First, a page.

In this handout picture taken by the Ukrainian Presidency Press Office and released early on March 15, 2022, Ukrainian President Volodymyr Zelensky delivers a video address in Kyiv. AFP
Zelenskyy will speak Wednesday to members of the House and Senate, an event that will be livestreamed for the public. It follows an address he delivered last week to the U.K. Parliament that carried echoes of Winston Churchill's stirring words during World War II. On Tuesday, Zelenskyy is scheduled to deliver a speech to Canada's parliament.
``It's such a privilege to have this leader of this country, where these people are fighting for their democracy and our democracy,'' House Speaker Nancy Pelosi said Monday during an event at the Brooklyn Bridge with New York lawmakers.
Pelosi said Zelenskyy asked for the meeting when they spoke at the end of last week, and lawmakers are ``thrilled'' to have him address Congress.
The talk comes as the Ukrainians are fighting for their country's survival in the escalating war as Russian President Vladimir Putin intensifies his assault, including airstrikes on the capital, Kyiv. Zelenskyy has pleaded with the U.S. for more air support, including the transfer of planes from neighboring Poland. Civilians in Ukraine are taking up arms to hold back Putin's regime, but the war has launched a mass exodus of more then 2.8 million people from Ukraine.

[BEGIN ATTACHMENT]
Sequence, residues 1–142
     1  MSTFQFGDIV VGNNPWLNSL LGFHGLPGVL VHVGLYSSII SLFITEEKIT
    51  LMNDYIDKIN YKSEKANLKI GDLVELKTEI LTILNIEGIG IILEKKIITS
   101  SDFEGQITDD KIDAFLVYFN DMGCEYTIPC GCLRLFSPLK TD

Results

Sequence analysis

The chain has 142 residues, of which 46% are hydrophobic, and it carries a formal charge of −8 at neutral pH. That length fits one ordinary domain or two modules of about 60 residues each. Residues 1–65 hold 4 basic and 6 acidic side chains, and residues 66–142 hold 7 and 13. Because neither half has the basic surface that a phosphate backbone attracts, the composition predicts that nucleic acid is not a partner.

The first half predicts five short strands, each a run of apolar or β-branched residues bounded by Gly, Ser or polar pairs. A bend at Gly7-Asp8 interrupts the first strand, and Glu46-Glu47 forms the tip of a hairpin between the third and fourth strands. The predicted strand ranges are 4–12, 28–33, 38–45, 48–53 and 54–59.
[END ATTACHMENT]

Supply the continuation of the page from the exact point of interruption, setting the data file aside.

``The Congress, our country and the world are in awe of the people of Ukraine,'' said Pelosi and Senate Majority Leader Chuck Schumer in a statement Monday announcing the address.
They said all lawmakers are invited to the talk that will be delivered via video at the U.S. Capitol. It comes after Congress recently approved $13.6 billion in emergency military and humanitarian aid for Ukraine.
Biden is expected to sign a big spending bill containing Ukraine aid into law on Tuesday, but lawmakers expect to hear more from Zelenskyy about his country's immediate needs. During Pelosi's call last week, Zelenskyy said his country would need help rebuilding from the war.
``We have to do more in terms of meeting the needs of some of the 2.7 million refugees,'' she said.
She said of the Ukrainians, ``They're fighting for democracy writ large.''
In their statement Monday, the congressional leaders said Congress ``remains unwavering in our commitment to supporting Ukraine as they face Putin's cruel and diabolical aggression.''
Earlier this month, Zelenskyy spoke by video with House and Senate lawmakers, delivering a desperate plea for more military aid.
The Ukrainian president has specifically sought air support to battle the Russians, including the transfer of Soviet-era MiGs from Poland, but the Pentagon has closed the door on that idea for now, worried it could escalate U.S. involvement.
Schumer said Monday that it's among the highest honors of any Congress to welcome foreign heads of state, ``but it is nearly unheard of in modern times that we hear from a leader fighting for his life, fighting for his country's survival, and fighting to preserve the very idea of democracy.''